During the final days of COP23 in Bonn, Germany, we chat with Li Shuo, an international climate negotiation expert at Greenpeace East Asia, to hear about the inglorious work of parsing through the fine print of UN negotiation text. Li Shuo explains the state of the UN climate negotiations in the post-Paris Agreement, post-Trump era, and describes the full-body, pound-shedding, caffeine-fueled commitment needed to engage in UN climate advocacy, running from meeting to meeting.
One last note: we had a hard time finding a quiet place to record at the COP23 conference; apologies to our audience for the technical difficulties and "ghost-like" sounds in this episode.
|Nov 23, 2017|
Bonn Voyage, Part 1: Voices of COP23
BONUS Episode from Environment China!
How many cops does it take to screw in a climate lightbulb? At least 23? This last week, Bonn, Germany, hosted the 23rd "Conference of the Parties" (COP23) -- the latest iteration of the UN climate negotiations that have dragged on since the early 1990s.
Over two weeks, as national delegations from around the world try to hammer down the technical details of the Paris Agreement, tens of thousands of people -- researchers, activists, politicians, journalists, celebrities -- flock to Bonn to take part in the biggest climate event of the year.
But what exactly is all this COP fuss about? In this COP miniseries, we'll be taking a dive into the weeds of the negotiations and the role of China on the international climate stage. But first, we're taking you behind the scenes at the UN climate talks, to hear a cross-section of voices, some young, some old, calling for urgent climate action.
|Nov 20, 2017|
Battle of the Brands: Greening Global Supply Chains
Which company has a greener supply chain in China: Apple or Dell? Mobike or Ofo? Puma or Nike?
China is often referred to as the “workshop of the world,” producing around a quarter of the world’s manufacturing output by value. But along with China’s rapid industrialization and modernization have come grave environmental impacts — the result, in part, of a “pollute first, clean up later” mindset. To address supply chain environmental impacts resulting from the globalization of trade, the Institute of Public & Environmental Affairs (IPE), a local NGO based in Beijing, is leveraging information transparency and corporate responsiveness to brand reputation.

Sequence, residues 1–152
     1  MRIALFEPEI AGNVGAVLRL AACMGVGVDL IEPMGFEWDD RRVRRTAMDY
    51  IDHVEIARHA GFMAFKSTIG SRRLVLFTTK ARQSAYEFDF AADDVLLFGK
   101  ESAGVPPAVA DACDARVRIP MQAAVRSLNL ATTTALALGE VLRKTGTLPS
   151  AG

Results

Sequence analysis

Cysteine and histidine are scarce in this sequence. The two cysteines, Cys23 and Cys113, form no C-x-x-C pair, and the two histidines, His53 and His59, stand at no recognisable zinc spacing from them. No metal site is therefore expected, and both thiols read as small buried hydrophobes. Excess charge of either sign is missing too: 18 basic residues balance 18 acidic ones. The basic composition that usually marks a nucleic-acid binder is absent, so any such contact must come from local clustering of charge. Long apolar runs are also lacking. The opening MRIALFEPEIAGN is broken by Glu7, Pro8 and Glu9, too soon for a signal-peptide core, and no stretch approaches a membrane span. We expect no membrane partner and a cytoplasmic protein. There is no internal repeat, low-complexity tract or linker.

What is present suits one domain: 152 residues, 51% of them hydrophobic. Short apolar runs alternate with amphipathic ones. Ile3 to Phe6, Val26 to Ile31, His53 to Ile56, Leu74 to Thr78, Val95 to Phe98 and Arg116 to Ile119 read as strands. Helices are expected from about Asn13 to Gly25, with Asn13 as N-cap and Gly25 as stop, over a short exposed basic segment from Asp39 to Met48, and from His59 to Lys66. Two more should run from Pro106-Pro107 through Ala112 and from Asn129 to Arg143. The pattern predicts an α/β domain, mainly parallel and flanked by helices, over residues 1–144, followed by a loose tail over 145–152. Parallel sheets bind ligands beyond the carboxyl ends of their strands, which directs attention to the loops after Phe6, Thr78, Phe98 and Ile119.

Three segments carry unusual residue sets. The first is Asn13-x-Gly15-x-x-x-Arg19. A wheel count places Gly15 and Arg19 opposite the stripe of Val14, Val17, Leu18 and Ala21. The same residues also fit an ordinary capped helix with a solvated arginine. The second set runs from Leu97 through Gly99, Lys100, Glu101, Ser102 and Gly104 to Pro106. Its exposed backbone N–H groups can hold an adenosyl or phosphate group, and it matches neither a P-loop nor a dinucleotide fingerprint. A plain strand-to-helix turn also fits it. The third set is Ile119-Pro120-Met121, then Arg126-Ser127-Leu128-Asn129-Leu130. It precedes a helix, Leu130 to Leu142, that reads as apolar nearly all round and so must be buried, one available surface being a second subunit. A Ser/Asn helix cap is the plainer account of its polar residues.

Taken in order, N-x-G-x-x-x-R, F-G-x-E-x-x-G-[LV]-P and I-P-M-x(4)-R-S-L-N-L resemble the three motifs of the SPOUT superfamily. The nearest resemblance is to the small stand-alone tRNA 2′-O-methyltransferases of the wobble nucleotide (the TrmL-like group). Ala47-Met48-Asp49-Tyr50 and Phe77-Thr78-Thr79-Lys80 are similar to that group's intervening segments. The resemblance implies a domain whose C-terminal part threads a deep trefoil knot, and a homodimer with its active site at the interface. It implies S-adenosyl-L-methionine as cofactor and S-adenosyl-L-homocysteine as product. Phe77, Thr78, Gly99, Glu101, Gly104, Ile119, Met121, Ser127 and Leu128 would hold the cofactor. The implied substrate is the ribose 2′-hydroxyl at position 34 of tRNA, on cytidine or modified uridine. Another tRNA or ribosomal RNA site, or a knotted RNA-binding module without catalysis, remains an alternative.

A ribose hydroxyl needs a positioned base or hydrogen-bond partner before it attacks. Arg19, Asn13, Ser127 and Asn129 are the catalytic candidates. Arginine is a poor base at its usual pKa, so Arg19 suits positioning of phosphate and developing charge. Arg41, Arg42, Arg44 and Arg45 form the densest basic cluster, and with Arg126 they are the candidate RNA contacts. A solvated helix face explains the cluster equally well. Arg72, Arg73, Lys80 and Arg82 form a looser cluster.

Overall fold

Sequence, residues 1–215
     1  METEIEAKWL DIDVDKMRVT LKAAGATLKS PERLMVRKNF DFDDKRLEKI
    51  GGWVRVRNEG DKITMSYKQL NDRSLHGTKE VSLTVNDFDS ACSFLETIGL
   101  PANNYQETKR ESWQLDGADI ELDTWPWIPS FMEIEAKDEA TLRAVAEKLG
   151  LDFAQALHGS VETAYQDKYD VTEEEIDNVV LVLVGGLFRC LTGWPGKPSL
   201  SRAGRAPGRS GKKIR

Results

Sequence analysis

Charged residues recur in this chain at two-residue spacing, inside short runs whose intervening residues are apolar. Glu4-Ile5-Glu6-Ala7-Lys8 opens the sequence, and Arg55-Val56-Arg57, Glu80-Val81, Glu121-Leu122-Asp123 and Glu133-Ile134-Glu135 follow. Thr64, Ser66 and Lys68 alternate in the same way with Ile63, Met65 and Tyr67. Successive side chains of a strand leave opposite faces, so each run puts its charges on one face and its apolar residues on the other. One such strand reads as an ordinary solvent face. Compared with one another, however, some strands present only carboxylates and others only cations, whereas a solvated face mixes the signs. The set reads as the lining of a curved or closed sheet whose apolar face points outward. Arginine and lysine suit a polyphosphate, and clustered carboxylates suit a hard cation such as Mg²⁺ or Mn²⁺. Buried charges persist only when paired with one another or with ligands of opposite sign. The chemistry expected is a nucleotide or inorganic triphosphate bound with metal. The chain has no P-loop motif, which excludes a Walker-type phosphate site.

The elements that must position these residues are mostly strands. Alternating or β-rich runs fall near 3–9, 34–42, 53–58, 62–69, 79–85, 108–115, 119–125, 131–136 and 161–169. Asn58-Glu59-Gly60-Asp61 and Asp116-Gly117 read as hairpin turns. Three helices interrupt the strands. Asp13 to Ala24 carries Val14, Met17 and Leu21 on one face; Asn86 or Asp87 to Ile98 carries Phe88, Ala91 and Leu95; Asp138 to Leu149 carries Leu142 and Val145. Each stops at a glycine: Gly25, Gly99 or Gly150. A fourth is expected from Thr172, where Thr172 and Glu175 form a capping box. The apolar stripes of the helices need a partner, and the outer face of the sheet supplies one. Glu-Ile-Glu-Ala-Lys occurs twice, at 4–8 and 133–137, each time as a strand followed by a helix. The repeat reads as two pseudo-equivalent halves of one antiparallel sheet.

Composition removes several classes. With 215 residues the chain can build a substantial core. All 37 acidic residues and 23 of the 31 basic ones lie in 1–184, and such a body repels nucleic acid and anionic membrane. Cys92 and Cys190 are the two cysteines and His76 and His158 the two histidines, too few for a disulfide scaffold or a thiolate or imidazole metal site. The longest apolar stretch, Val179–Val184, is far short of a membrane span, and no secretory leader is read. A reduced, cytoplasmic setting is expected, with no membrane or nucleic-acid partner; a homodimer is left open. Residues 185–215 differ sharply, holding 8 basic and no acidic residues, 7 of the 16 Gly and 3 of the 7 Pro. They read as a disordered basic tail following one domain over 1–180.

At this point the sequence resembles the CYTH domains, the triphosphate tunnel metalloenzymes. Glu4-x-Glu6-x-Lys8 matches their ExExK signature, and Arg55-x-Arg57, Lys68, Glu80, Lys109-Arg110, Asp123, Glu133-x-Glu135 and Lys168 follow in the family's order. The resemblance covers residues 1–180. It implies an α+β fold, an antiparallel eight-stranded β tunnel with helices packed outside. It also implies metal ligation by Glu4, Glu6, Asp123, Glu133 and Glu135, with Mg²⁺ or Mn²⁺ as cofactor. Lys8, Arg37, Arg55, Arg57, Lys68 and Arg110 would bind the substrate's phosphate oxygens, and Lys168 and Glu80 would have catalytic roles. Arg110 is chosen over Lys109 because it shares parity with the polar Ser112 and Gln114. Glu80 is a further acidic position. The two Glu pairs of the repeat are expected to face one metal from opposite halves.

Environment China chats with IPE’s green supply chain project manager, Helen Ding, about how IPE applies its Blue Map Database of corporate environmental violation records to push major brands to improve the transparency and environmental performance of their supply chains in China. Helen discusses IPE’s Corporate Information Transparency Index (CITI) rankings of over 250 major multinational and Chinese companies, as well recent investigations into China’s growing shared bicycle industry, among other related topics. Listeners interested in learning more can check out the CITI rankings and annual report on IPE’s website (http://wwwen.ipe.org.cn/GreenSupplyChain/CITI.aspx), or watch a short PBS feature on IPE’s green supply work.
|Nov 16, 2017|
Waste is an inevitable result of human consumption. In recent years, both municipal and rural waste management are challenged by the sheer volume of waste that is still rapidly growing. The waste disposal system directly affects the hygiene, health, and well-being of our lives. Based on international experiences, no matter how advanced the incineration, landfill, or composting technologies would be, it is crucial to manage the waste generation and recycling. Our guest today is CHEN Liwen, an environmental practitioner from China. After studying abroad, she returned to China and started her waste management project in Chinese villages, where she helped to build the sustainable waste management systems. In today’s podcast, Liwen will share her stories and insights based on her experience from the Nanyu village, Hebei Province of China. If you are interested in Liwen’s projects, please subscribe to her Wechat channel “东西异同” (in Chinese). Here is another report on Liwen’s project by CCTV (in Chinese). http://tv.cctv.com/2017/09/09/VIDEmAgmEInNAzkwABSZ3uzW170909.shtml
|Nov 09, 2017|
Reeling in China's 'Trash Fish' Problem
Over the past 50 years, overfishing has caused China’s domestic catch to shift from a focus on high-value, mature fish to catching massive numbers of low-value fish. The smallest and most juvenile of these are often referred to as ‘trash fish,’ as they’re too small for human consumption — and they account for nearly a third of China’s total catch, according to a recent Greenpeace report. But because there is also a growing industry of turning trash fish into feed for fish and livestock, solving China's 'trash fish' challenge isn’t so simple.
In this episode, we talk with Zhou Wei and Yang Yi, Ocean Campaigners at Greenpeace East Asia and two of the main authors of Greenpeace’s trash fish report. We explore what exactly 'trash fish' means, how overfishing of China’s domestic fisheries resources has played a role in causing the current trash fish problem, and some of the solutions that Greenpeace recommends to ameliorate this, er, 'fishy' problem.
|Nov 02, 2017|